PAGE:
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Here comes The Rooster, Neeco Macias

Neeco Macias celebrates after a recent bout. Photo courtesy of Instant Boxing
09
Sep

Neeco Macias isn’t your average unbeaten up-and-comer featured on TV.

The 25-year-old Californian started boxing late (after high school) and didn’t have enough amateur bouts (only 30) to really be considered a prospect, but the exuberant southpaw more than makes up for any lack in boxing savvy or polish with boundless energy and non-stop punching.

Macias (12-0, 6 knockouts), who faces unbeaten Rolando Garza (9-0, 6 KOs) in a scheduled eight-round junior middleweight bout on a CBS Sports Net-televised show from Downtown Las Vegas on Friday (Sept. 9), always gives 110 percent and also averages AT LEAST 110 punches per round.

“The Rooster” is the definition of a pressure-fighting volume puncher. So if you’ve never seen a guy throw 150-170 punches in a single round you might want to check him out. If you do, you’ll also be treated to one of the most genuine and infectious personalities in boxing. If you don’t instantly like Macias, you’re probably dead inside.

Hall of fame pro wrestling announcer Jim Ross, who was a commentator for the inaugural “Knockout Night at the D” broadcast on April 16 that featured Macias outpointing Limberth Ponce (10-2, 8 KOs) over six rounds, couldn’t get enough of the animated Antelope Valley native.

“The Rooster, ladies and gentlemen! Don’t forget about The Rooster!” Ross hollered before signing off for the night.

“We had a lot of notice for that fight, so I had the best training camp I ever had and it showed on fight night,” said Macias, who was 21 when he had his first amateur bout. “We just kept comin’.

“There’s a lot to improve on, I come in sloppy, I telegraph some shots, but we’ll be more slippery this time around. But that fight was won in the gym. I had more time and more motivation because it was a televised bout. They told us ‘Las Vegas’ and ‘TV’ and that just stoked my fire. I almost teared up thinking about it because my dad was so proud when telling everybody about it. I used it as motivation. I wanted to impress.”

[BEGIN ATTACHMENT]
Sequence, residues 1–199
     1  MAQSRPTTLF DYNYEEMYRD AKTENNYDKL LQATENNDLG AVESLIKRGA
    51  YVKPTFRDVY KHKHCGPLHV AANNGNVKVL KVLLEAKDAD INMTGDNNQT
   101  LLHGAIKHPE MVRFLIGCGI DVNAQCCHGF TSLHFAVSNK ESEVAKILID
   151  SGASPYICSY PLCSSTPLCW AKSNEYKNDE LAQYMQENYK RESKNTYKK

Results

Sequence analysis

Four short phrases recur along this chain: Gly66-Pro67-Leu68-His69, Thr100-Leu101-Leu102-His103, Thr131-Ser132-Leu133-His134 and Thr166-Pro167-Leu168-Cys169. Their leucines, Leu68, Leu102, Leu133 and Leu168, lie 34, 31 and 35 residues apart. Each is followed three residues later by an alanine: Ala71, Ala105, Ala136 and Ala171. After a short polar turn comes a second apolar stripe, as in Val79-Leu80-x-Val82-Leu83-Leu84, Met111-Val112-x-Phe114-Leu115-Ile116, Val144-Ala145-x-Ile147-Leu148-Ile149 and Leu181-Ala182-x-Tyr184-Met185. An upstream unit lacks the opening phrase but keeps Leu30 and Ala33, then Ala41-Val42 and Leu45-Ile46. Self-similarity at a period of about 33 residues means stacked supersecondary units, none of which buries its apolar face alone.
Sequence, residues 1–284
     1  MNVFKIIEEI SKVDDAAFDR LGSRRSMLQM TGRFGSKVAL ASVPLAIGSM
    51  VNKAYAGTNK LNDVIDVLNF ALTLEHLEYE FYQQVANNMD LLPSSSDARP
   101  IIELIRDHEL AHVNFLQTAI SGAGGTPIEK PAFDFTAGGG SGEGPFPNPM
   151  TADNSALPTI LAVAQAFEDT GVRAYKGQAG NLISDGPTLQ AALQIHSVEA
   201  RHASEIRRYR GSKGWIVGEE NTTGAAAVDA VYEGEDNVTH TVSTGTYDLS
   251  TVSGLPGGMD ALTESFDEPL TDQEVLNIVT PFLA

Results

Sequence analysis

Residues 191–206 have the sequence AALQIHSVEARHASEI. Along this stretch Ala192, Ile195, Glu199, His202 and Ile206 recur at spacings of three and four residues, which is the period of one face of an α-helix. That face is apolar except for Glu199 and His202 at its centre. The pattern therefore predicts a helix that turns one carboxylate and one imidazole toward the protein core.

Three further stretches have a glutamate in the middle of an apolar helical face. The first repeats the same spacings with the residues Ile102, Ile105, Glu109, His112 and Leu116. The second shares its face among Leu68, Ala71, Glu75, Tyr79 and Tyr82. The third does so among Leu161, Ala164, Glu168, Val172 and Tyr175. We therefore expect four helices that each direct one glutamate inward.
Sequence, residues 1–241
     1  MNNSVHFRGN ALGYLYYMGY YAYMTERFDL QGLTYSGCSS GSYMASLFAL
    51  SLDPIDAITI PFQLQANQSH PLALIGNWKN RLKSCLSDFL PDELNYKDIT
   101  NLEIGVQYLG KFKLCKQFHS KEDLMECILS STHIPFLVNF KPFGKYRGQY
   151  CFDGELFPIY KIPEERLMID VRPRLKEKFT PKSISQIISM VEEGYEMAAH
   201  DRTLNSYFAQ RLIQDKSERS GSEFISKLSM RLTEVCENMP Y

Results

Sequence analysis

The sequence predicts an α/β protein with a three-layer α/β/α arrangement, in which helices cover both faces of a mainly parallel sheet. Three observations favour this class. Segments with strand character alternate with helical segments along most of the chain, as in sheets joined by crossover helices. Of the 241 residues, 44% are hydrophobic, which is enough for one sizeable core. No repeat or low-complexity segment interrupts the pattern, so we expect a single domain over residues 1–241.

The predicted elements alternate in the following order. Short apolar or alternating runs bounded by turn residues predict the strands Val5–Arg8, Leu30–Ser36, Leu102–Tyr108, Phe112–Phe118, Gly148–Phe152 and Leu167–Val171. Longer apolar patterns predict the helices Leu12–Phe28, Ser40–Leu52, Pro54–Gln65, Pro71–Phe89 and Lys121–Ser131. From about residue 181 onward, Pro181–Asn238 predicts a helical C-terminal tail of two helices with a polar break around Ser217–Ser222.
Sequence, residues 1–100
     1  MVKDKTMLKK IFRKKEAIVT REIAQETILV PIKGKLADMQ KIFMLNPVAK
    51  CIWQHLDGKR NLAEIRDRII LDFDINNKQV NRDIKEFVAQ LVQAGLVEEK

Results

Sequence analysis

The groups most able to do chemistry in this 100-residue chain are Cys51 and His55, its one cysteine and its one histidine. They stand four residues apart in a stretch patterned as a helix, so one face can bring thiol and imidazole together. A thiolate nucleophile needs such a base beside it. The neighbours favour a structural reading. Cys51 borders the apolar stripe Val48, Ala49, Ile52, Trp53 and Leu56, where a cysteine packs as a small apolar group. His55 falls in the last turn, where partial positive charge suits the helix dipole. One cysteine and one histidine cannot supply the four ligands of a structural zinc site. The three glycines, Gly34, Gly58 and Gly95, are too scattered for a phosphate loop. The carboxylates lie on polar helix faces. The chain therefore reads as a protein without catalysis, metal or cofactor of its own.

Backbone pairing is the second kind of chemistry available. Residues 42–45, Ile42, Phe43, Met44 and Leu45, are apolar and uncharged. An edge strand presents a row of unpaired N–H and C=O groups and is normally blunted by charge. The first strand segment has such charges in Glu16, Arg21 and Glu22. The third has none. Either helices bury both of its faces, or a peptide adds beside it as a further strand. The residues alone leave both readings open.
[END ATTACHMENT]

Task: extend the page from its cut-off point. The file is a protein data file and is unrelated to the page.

He did that. And Ponce, a capable boxer who many favored in the matchup, barely had enough time and space to breathe, let alone punch back.

“They throw one, we throw two; they throw two, we throw four. That’s our style,” said Macias, who grew up in different towns around the Antelope Valley, Mojave and Palm Desert areas, and currently lives in the small mountain town of Tehachapi, where he and his father/trainer run the MBT (Macias Boxing Team) Gym.

Macias says training camp for Friday’s fight is even better than his last one and he admits that he will have to be at his best to beat Garza.

“He likes to go to the body from what we’ve seen of him,” Macias said. “He’s fought some southpaws. He beat a 5-0 guy in his last fight. It’s gonna be a great fight. I’ve got a few more rounds experience, but we’re both young and we’re both fighters. We’re not from the Mayweather school of boxing. We’re gonna see who works harder.”

If Garza can match Macias’ work rate their bout could outshine the main event between Emmanuel Robles and Steve Claggett.

“We’re looking to really impress in this fight,” Macias said. “Win, lose or draw we’re going to put on a show.”

 

Email Fischer at [email protected] Follow him on Twitter at @dougiefischer

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